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Curbing collaterals

High energy radiotherapy ‘paints’ tumours, avoids healthy tissue

A radiotherapy technique which ‘paints’ tumours by targeting them precisely, and avoiding healthy tissue, has been devised in research led by the University of Strathclyde.

Researchers used a magnetic lens to focus a Very High Electron Energy (VHEE) beam to a zone of a few millimetres. Concentrating the radiation into a small volume of high dose will enable it to be rapidly scanned across a tumour, while controlling its intensity. It is being proposed as an alternative to other forms of radiotherapy, which can risk non-tumorous tissue becoming overexposed to radiation. The researchers are planning further investigation, with the use of a purpose-built device.

The study was undertaken at the CERN Linear Electron Accelerator for Research (CLEAR) facility, and involved researchers at CERN, the University of Oxford, the National Physical Laboratory, the John Adams Institute for Accelerator Science, the University of Napoli Federico II, the University of Oslo and Saclay Nuclear Research Centre in France. It has been published in Nature Communications Physics.

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Dose reduction

Increasing precision for radiotherapy

A new way of concentrating radiotherapy dose in tumours, while minimising damage to healthy cells, has been proposed in research led by scientists at the University of Strathclyde. The study proposes that focusing high-energy particle beams on a small spot deep inside the body could potentially enable clinicians to target cancerous tumours precisely, while reducing the dose to surrounding tissue.…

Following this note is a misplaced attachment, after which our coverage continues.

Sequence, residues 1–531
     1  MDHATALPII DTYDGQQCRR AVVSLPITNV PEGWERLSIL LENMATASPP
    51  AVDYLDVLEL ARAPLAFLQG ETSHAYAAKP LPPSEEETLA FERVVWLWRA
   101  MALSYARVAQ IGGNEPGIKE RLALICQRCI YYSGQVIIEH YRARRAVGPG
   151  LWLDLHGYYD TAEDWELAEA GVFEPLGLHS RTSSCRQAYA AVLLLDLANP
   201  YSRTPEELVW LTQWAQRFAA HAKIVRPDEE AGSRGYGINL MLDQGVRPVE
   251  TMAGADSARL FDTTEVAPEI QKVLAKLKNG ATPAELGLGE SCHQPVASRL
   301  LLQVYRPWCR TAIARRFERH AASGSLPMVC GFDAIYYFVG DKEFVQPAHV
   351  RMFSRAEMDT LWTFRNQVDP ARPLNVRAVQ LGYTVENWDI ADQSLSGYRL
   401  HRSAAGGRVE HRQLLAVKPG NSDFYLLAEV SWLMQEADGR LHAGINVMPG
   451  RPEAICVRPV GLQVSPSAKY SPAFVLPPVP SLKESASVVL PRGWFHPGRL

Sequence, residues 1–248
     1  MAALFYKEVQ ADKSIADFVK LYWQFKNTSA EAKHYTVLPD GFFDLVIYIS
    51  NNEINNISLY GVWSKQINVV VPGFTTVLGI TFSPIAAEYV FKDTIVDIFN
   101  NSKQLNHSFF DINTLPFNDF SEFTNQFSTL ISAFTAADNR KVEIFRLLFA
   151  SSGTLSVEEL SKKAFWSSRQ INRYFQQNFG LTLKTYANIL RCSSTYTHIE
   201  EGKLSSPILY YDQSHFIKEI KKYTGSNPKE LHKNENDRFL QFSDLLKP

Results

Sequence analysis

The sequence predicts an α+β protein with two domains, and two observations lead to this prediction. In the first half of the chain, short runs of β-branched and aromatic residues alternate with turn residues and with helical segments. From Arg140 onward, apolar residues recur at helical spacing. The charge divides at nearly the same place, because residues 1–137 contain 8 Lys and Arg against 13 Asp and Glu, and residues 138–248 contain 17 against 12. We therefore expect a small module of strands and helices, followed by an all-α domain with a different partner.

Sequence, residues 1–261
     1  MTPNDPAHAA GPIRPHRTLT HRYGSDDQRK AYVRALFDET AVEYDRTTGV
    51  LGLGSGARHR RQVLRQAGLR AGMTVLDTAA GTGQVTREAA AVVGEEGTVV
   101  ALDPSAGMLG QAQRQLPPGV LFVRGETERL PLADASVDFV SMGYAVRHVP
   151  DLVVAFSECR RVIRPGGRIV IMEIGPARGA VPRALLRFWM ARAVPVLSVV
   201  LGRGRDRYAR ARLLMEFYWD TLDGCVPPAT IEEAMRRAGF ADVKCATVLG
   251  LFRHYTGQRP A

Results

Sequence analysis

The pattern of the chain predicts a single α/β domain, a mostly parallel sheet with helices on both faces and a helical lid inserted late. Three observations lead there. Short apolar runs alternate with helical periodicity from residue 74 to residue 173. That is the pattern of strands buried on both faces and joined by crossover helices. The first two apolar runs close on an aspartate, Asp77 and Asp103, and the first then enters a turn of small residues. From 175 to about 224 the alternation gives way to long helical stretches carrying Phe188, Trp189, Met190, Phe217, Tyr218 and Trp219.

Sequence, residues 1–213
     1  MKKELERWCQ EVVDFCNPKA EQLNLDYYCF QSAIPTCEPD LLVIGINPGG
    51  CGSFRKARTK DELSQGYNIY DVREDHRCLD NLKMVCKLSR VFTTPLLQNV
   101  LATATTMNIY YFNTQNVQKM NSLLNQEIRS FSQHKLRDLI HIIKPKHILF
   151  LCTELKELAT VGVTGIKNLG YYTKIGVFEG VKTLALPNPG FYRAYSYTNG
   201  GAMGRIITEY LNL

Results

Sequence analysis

Professor Dino Jaroszynski, of Strathclyde’s Department of Physics, led the study. He said: “Around 40% of cancers are treated using external beam radiotherapy. The most commonly used form of radiation is high energy x-ray photons, in which several intercepting shaped x-ray beams of various intensities irradiate a tumour, while avoiding adjacent critical or radiosensitive tissue. Particle beams, especially heavier particles such as protons or ions, can improve on photons; heavier particles deposit their radiation dose only up to a finite depth, beyond which it is very small. This limited range, defined by the position of what is known as the ‘Bragg peak,’ very effectively protects sensitive tissue. However, heavy particle accelerators are very expensive and large, which means that health care institutes can only afford a limited number of them. One of the challenges in radiotherapy is precisely targeting the tumour to ensure that all cancer cells are killed, while healthy cells are spared, but at a reasonable cost. Our paper presents an experimental demonstration of concentrating radiation dose into a very small volume to enable a tumour to be ‘painted’ with radiation, to ensure that it is killed while heathy tissue is spared.”

VHEE beams have been proposed as an alternative radiotherapy modality to megavoltage photons; they penetrate deeply but can be overexposed to healthy tissue. This can be largely overcome by focusing the VHEE beam to a small location. Focused radiation beams
could be used to precisely target tumours or regions of a tumour lacking oxygen, which would enhance the efficacy of radiotherapy. The research paves the way for using novel laser-plasma accelerators, which are being developed at the SCAPA (Scottish Centre for the Application of Plasma based Accelerators) facility at Strathclyde. A purpose-built medical beamline has been constructed at SCAPA to extend these investigations to the next stage. 


Source: University of Strathclyde

24.02.2021

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